The conversation is a little bit on the technical side if you’re totally unfamiliar with the field, but if you have any interest in phylogenetics or programming, it’s a really fascinating discussion!
Thanks to Casey for that, it worked better than I would have guessed. Warning: almost 2 hours long! It also assumes some knowledge of evolutionary biology and phylogenetic methods. I also am shouting hoarsely at the computer – like most of us old farts I seem to think that to make sure my voice carries all the way through those wires and the network, it is necessary to shout.
It worked really well, I think. I enjoyed both the details regarding the historical context of particular development events and choices and also stepping through the code. As somebody who uses a lot of different scientific software (and writes much less sophisticated code), I always enjoy gaining a clearer picture of what’s going on under the hood.
Hey look, some times I just shout at my computer anyway to make it work. I’m still not quite sure what works best, shouting or leaving it be for a few days. Seems to have similar rates of success.
@jeffb ICYMI - seems like this would be of interest
It will be of interest to those who want to know more about the history and workings of phylogeny software. It assumes that the listener has some background in evolutionary biology. Casey intends this to kick off a series of interviews with the people behind the major phylogeny programs.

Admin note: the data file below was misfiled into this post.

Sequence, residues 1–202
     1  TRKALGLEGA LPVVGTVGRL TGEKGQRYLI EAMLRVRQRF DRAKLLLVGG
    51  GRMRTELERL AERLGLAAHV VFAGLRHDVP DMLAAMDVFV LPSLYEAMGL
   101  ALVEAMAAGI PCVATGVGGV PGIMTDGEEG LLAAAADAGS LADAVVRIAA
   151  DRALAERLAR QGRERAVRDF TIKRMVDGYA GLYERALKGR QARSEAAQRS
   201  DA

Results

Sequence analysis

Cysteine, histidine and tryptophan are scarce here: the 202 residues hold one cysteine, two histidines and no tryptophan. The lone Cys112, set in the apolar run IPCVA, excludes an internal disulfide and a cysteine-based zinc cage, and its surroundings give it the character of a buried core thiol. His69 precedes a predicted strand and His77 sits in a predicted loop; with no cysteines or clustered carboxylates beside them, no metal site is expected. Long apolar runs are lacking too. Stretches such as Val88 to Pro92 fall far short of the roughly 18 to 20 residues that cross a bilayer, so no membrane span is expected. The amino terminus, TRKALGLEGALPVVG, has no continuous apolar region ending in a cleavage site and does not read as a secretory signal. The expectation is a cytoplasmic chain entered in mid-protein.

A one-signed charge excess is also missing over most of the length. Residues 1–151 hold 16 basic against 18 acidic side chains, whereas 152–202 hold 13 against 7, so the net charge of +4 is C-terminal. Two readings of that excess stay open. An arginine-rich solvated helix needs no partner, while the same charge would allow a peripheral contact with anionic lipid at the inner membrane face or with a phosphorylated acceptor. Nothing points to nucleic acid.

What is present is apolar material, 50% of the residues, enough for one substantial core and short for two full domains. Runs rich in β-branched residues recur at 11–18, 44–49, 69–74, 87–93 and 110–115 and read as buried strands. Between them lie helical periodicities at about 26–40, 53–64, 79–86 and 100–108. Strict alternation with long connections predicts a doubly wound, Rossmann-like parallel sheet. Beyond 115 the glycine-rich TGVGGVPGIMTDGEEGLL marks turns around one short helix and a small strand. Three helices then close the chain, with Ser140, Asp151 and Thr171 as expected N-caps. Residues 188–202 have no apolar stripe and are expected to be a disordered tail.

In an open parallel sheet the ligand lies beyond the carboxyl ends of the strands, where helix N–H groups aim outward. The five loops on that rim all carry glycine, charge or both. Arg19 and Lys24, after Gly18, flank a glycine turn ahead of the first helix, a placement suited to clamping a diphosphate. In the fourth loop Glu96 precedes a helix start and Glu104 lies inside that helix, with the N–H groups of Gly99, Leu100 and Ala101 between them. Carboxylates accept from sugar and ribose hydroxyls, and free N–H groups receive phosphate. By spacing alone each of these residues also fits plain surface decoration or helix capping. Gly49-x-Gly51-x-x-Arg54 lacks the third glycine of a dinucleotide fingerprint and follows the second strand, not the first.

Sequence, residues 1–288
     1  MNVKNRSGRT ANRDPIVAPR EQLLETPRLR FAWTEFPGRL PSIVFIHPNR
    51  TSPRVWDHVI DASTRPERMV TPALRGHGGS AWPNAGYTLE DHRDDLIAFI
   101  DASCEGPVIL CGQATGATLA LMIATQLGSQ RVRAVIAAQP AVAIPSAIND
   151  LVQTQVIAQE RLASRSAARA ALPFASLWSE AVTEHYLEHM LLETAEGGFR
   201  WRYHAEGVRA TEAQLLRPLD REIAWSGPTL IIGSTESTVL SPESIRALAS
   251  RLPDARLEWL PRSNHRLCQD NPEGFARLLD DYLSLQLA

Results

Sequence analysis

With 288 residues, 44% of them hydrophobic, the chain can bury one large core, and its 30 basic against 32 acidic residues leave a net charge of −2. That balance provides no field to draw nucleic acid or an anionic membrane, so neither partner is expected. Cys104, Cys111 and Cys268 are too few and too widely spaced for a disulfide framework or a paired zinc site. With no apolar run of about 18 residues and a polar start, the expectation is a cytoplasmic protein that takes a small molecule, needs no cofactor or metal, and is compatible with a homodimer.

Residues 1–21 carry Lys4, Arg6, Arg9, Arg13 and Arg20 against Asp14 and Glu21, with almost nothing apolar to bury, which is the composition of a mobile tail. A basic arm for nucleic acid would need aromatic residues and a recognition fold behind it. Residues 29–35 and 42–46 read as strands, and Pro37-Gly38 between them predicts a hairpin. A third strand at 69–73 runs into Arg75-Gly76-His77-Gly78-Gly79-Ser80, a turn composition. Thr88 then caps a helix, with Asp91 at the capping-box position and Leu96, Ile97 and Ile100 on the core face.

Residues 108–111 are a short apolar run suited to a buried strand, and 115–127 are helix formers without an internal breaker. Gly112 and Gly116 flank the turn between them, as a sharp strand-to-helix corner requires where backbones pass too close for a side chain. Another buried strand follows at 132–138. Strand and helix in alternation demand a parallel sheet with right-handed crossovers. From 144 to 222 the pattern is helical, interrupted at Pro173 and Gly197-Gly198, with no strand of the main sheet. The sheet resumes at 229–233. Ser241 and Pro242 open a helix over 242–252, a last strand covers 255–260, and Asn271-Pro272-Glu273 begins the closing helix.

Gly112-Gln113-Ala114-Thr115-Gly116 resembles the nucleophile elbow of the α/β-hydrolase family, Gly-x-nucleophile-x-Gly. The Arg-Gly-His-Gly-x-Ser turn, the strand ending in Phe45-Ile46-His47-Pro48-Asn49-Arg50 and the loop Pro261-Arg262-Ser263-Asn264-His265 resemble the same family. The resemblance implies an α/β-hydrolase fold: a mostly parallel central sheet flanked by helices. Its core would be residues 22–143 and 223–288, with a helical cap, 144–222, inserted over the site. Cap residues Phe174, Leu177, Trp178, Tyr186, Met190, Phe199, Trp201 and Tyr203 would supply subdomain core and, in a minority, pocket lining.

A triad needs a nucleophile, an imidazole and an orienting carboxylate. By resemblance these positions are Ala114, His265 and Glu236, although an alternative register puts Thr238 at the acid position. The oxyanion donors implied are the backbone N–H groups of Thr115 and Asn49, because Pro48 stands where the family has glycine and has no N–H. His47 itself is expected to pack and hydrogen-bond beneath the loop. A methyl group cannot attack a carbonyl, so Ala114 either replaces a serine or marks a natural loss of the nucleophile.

Curious: did you ever take a look at PHYSYS? I seem to recall that Farris wanted $5000 for a copy.
PHYSYS came out around 1982. The cost was that you fly J. S. Farris to your university and have him give a lecture, and you also pay him $5000. He would then bring the source code with him (on a tape or card deck) and you would both go to your computer center where he would have it read in and compiled, then erase the source code and leave you with the executable. So no, no one saw the source code. Later in the 1980s he brought out Hennig86. It was available as an executable for MSDOS and cost $50.
In general I have not spent time trying to look through other people’s source code, as I was too busy trying to work on my own.
Dang. Thank goodness that free, open-source software standards are much more common these days!
It’s been a long time since I did any programming and my understanding of phylogeny is super high-level, so a lot of this stuff is largely outside my understanding—but I will say, those “walked 20 miles in the snow uphill both ways” stories are just amazing.
Well, the charges for most programs in this area were modest. $50 for a phylogeny program when Microsoft Word was selling for $395 or so was not excessive. The people developing the software were not being paid from research grants to do that or to do the work of mailing diskettes. I did have a grant whose granting agency did not seem to object, so I could make my programs free.
I was able to play with PHYSIS briefly as an undergrad, and I thought it sucked, FYI.
… compared to early 1980s versions of PHYLIP and PAUP ?
I’ve never seen either. I think I encountered PHYSYS in 1988, maybe early 1989. First phylogenetic program I ever saw. Now, the only thing I recall is trying out the least squares algorithm, which as I remember just handed you a tree, no claim that it was the optimal tree, no branch swapping, no testing against other trees. Just, apparently, the first tree it happened upon. So I stopped looking at it further.
Farris showed in 1969 that if you set the clustering levels by UPGMA clustering, that for that topology the levels of the clusters were the least squares values. Thus one would get a pretty-good tree that was a least-squares ultrametric tree on the given, approximately-least-squares topology, if one just did UPGMA. Perhaps that’s what it gave you.
I don’t recall that the trees were ultrametric. Also, if you repeated the run you would get a different tree.
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